Let us not forget the impact that D.W. Griffith’s The Birth of a Nation had on America when it was released in 1915. An adaptation of the novel The Clansman: A Historical Romance of the Ku Klux Klan, there’s little doubt in my mind that the film’s racist depictions of African Americans and affirming depictions of Klansmen formed and hardened the discriminatory beliefs of many white people in the U.S., making them further believe that black people were undeserving of fairness, respect, and freedom. The Birth of a Nation is a prime example of why we need new stories, told from the perspective of identities that are generally ignored and denigrated.
There are some works of art that become landmarks in a person’s life. The person knows who they were before they encountered the art, but not who they are afterward, and among the pieces of themselves that have scattered to the floor they find new elements, new additions to their identity. Moonlight is undoubtedly one of my landmarks. It is my Washington Monument, my Statue of Liberty. It is all of that and more.
In a powerful introduction to an even more moving song from Lady Gaga, Vice President Joe Biden appeared at the Oscars Feb. 28 in a plea to “change the culture” and ensure that “no abused woman or man…ever feel they have to ask themselves ‘what did I do?’”
Just before Hollywood’s most glamorous — and this year, controversial — night of the year, a new study shows just why the Oscars are so monochrome. This is the first-ever exhaustive analysis of film, television, and digital streaming services for issues of diversity and inclusion. Conducted by Stacy L. Smith of the Media, Diversity & Social Change [MDSC] Initiative at the USC Annenberg School for Communication and Journalism, the study reveals how exclusive of women, people of color, and the LGBT community those platforms are.
Possibly hoping for divine intervention ahead of next month’s Academy Awards, Hollywood star Leonardo DiCaprio met with fellow environmentalist Pope Francis. Speaking Italian, DiCaprio kissed the pontiff’s hand on Jan. 28 and offered a “grazie” [thank you] “for granting me this private audience with you.” Then, switching to English, he gave the pontiff a book of paintings by Early Netherlandish painter Hieronymus Bosch, whose works meld fantastic imagery with reality.
For the second year in a row, every Academy nominee in an acting category is white.
Forget Idris Elba in Beasts of No Nation. Or Michael B. Jordan in Creed. Or Bernicio Del Toro in Sicario. Or Will Smith in Concussion.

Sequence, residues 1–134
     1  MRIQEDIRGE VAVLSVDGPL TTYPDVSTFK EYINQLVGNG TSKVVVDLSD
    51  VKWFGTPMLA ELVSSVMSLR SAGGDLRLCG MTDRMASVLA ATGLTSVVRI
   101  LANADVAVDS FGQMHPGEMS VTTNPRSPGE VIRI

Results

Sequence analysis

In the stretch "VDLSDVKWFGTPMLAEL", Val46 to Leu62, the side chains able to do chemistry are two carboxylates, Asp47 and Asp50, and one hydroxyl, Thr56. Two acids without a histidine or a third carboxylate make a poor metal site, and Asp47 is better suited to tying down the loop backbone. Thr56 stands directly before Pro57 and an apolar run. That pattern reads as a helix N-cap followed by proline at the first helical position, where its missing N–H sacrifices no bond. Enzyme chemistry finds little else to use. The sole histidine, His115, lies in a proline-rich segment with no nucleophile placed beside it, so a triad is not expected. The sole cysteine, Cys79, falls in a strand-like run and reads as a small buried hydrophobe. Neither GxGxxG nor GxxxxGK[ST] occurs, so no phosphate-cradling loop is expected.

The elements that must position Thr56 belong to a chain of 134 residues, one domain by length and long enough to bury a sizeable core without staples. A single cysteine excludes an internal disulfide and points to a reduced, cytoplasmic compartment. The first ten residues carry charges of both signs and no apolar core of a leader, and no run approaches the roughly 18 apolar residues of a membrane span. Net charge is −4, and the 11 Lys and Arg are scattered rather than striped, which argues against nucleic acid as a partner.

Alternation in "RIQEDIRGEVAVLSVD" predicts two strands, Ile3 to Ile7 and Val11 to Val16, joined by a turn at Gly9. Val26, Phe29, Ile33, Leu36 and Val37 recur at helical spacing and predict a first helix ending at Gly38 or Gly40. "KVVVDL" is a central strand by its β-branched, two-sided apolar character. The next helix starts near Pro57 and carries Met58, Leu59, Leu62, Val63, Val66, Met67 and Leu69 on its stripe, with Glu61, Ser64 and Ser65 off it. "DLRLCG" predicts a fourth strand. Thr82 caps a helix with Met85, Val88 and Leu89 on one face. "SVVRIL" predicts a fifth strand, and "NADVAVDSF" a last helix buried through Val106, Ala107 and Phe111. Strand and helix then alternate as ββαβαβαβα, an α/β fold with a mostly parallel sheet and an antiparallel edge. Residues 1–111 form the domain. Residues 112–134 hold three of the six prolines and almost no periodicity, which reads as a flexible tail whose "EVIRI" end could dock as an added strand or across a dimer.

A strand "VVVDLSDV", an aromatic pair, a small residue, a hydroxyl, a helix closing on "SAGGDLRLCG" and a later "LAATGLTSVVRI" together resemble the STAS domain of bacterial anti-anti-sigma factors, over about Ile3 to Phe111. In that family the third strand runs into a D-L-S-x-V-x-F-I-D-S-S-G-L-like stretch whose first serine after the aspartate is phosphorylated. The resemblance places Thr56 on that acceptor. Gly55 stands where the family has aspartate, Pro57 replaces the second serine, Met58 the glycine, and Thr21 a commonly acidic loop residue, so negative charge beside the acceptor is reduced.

The 93% White, 76% Male Academy wasn't interested.
Straight Outta' Compton was also lauded as a potential best picture nominee, but was only nominated for Best Original Screenplay, which was written by two white writers. Similarly, only Sylvester Stallone was nominated for Creed, a film with a black lead actor and a black director.
The biggest event of Hollywood industry has just wound down. The rich and glamorous have walked down the red carpet in their designer gowns, the famous people took home trophies, and the Oscars are over for another year.
It is a lot of fun to “ooh” and “aah” over celebrities. I love to dole out opinions on red carpet fashion choices and chuckle at Twitter making fun of Matthew McConaughey’s facial hair. But overall, I think celebrity culture is quite unhealthy. Too much power and fame seems to corrupt even the best of us, and being in the spotlight for too long takes its toll on the human psyche. We should be fostering meaningful relationships with one another instead of developing a system that makes it possible for the celebrity to crave constant attention and for the crowd to follow blindly in an unthoughtful, mob-like fashion.
But because the system is already in place, this mechanism within culture to put people on pedestals for us to blindly adore — when Christians begin to share art and ideas publicly, we have seamlessly co-opted the same model to create a niche Christian celebrity culture.
“Sean Penn’s ‘Green Card’ comment may have ruined the entire Oscars.”
That was the headline from the Huffington Post. I didn’t watch the Oscars, but I’m always curious about pop-culture scandals. What could Sean Penn have said that was so egregious that it threatened to ruin “the entire Oscars?”